This is exactly why the teacher must learn to step back from their authoritative role when it comes to creating a positive and enriching learning environment. The classroom might be home for the next 10 months to 31 people: 30 of which are students and 1 being the teacher. Who, then, is the environment truly for? Let students create their collective learning environment. Allow them to collaborate on the rules and goals of the classroom. Most importantly, ensure the students feel at home and included. The more comfortable the students are in their environment, the more enriching their learning will be.
Some kids get a laptop.
Some kids get grounded.
Other kids get a pat on the back. (… me)
In a child’s educational career, report card season can be one of the scariest and most dreaded times of the year. Every student wants to do well in school, but when it comes to report cards, their successes or shortcomings are in plain view for their teachers and parents to see. Can, then, the stress that comes along with distributing report cards be overshadowed because of the importance they contain?
Many teachers would probably say that report cards might be the least favourite part of their job. No, not because they take a very long time to write. Rather, it is difficult for teachers to represent months of a student’s accomplishments and experiences on a single sheet of paper represented by a single grade. If not analyzed properly, students and teachers might only see the grade and pass judgement based on that. However, it is almost impossible to paint a complete picture a months of work for anyone under those circumstances.
Despite multiple criticisms about the process, report cards are essential for informing parents of student progress, as they traditionally serve as the overall measure of assessment of a child’s success in school. Growing Success, albeit a government document, discusses the purpose of report cards:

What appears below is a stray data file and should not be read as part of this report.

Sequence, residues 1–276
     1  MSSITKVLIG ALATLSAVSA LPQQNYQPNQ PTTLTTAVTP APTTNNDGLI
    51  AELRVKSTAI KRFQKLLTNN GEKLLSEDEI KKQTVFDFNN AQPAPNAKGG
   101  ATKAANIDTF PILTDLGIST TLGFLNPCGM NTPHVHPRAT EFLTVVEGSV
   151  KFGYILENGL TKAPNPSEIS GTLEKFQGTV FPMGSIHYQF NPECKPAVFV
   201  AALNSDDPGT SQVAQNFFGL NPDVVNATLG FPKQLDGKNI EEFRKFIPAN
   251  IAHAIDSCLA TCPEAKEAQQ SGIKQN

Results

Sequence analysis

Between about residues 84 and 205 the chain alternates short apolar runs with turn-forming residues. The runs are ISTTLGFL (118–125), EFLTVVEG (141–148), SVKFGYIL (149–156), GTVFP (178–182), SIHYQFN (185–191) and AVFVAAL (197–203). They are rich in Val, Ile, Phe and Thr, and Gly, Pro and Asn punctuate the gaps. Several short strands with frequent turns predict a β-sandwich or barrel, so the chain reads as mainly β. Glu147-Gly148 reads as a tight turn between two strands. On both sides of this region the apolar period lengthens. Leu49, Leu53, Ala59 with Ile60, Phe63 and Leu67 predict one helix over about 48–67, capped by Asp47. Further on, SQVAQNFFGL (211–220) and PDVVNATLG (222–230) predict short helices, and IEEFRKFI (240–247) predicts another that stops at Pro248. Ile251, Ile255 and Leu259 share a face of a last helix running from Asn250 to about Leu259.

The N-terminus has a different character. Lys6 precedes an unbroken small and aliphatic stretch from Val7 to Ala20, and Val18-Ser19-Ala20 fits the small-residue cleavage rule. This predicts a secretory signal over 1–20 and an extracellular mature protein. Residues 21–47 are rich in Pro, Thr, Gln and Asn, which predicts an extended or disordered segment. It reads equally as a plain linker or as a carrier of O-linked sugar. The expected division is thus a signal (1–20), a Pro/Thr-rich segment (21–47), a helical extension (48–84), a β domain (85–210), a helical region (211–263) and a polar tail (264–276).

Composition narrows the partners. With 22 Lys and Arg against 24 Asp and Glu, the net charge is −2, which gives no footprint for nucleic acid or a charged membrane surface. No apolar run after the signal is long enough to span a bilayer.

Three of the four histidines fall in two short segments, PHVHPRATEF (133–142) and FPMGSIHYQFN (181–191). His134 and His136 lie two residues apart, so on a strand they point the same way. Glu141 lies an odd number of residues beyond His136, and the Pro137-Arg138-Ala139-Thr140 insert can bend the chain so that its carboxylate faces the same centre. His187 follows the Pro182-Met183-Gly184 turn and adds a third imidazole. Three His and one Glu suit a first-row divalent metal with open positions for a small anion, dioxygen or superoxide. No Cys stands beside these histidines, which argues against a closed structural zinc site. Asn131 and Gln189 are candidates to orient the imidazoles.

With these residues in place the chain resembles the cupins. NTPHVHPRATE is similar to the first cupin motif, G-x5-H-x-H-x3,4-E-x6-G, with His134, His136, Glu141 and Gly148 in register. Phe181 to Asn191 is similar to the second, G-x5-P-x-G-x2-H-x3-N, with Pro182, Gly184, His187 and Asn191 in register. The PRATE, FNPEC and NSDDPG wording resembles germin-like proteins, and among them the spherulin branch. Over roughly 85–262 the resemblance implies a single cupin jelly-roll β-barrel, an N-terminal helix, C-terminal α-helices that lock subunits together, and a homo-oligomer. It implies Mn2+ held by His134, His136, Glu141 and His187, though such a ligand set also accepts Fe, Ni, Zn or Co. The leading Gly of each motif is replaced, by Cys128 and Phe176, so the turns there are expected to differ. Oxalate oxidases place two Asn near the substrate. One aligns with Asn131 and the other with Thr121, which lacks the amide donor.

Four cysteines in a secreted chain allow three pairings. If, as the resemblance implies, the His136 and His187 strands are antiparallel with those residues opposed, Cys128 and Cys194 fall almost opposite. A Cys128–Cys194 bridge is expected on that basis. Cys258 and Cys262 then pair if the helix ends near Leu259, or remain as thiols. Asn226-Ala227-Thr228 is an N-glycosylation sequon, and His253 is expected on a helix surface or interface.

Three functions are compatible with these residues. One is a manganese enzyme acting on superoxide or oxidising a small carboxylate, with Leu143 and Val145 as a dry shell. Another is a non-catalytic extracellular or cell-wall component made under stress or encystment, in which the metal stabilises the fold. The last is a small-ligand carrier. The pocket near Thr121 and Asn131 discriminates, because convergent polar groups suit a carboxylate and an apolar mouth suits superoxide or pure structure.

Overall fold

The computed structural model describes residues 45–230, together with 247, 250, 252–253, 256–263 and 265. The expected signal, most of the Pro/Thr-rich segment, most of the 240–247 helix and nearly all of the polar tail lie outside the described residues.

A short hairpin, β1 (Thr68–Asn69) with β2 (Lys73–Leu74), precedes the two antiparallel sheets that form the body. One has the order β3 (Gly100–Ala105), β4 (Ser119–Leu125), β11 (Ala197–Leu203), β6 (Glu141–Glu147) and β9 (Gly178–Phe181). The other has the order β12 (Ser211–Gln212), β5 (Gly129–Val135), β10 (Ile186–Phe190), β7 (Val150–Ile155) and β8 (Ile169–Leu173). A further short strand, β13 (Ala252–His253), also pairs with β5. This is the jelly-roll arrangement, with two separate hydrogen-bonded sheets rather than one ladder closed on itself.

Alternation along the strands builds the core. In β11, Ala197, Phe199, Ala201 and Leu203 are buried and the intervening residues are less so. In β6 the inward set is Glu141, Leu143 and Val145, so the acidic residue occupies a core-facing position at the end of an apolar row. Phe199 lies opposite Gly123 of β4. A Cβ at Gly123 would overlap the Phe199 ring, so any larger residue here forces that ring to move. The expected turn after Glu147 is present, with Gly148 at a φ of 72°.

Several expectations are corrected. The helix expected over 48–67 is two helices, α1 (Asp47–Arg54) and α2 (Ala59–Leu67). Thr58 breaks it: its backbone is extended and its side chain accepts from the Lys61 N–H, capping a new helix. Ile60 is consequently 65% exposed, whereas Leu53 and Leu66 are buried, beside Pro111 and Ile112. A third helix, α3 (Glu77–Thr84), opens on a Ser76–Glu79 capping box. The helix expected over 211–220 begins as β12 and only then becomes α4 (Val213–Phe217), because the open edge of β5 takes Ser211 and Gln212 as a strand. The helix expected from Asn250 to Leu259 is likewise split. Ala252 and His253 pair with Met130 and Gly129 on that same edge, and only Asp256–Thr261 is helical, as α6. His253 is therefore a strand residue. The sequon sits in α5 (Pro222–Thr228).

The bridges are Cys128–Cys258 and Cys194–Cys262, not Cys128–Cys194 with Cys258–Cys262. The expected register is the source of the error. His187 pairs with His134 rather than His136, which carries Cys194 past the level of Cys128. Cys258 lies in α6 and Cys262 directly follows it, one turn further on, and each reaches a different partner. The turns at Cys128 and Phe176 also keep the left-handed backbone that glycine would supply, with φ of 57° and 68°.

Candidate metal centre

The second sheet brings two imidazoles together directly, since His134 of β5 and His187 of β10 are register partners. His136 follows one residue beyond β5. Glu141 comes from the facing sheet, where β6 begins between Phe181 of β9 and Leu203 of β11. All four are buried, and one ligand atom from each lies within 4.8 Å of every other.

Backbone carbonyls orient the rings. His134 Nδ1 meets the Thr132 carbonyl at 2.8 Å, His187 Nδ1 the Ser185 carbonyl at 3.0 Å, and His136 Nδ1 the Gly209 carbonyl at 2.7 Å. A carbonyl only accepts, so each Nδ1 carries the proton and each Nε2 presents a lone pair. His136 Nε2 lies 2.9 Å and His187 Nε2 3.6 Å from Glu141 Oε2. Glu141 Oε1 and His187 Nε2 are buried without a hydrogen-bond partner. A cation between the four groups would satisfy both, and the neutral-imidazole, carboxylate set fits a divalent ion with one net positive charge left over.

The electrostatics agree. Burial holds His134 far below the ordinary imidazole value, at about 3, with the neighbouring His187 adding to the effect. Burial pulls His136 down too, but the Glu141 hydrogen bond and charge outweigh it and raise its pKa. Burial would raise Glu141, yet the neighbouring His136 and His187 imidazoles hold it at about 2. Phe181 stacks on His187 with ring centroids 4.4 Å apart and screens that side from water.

“The report card grade represents a student’s achievement of overall curriculum expectations, as demonstrated to that point in time” (page 39).
This information can be used to communicate to students, parents, school administration, psychologists, and even college and university admission departments. So, yes, report cards do serve a useful purpose in the educational development of a student.
But back to my initial question: Can the stress that comes along with distributing report cards be overshadowed because of the importance they contain? I think the main problem with this whole situation is that there is stress, period. I understand that some students may not be proud of a particular mark they received, nor do they want to share it with their parents. Cooper had a great response to this topic, as one of his Guiding Principles states:
“A report card grade should not be a surprise to the teacher who determine it, nor to the student and parent who receive it” (page 212).
This is to say that teachers should be aware of all of their student’s progress, the student should be a self-reflective learner and know where they sit in terms of their achievement, and parents should be active members of their child’s education, thus getting involved with their learning and having check-ins with the teacher along the way.
And if parents or students are still scared about the upcoming report card distribution, you could always send home this letter a few days before they’re released: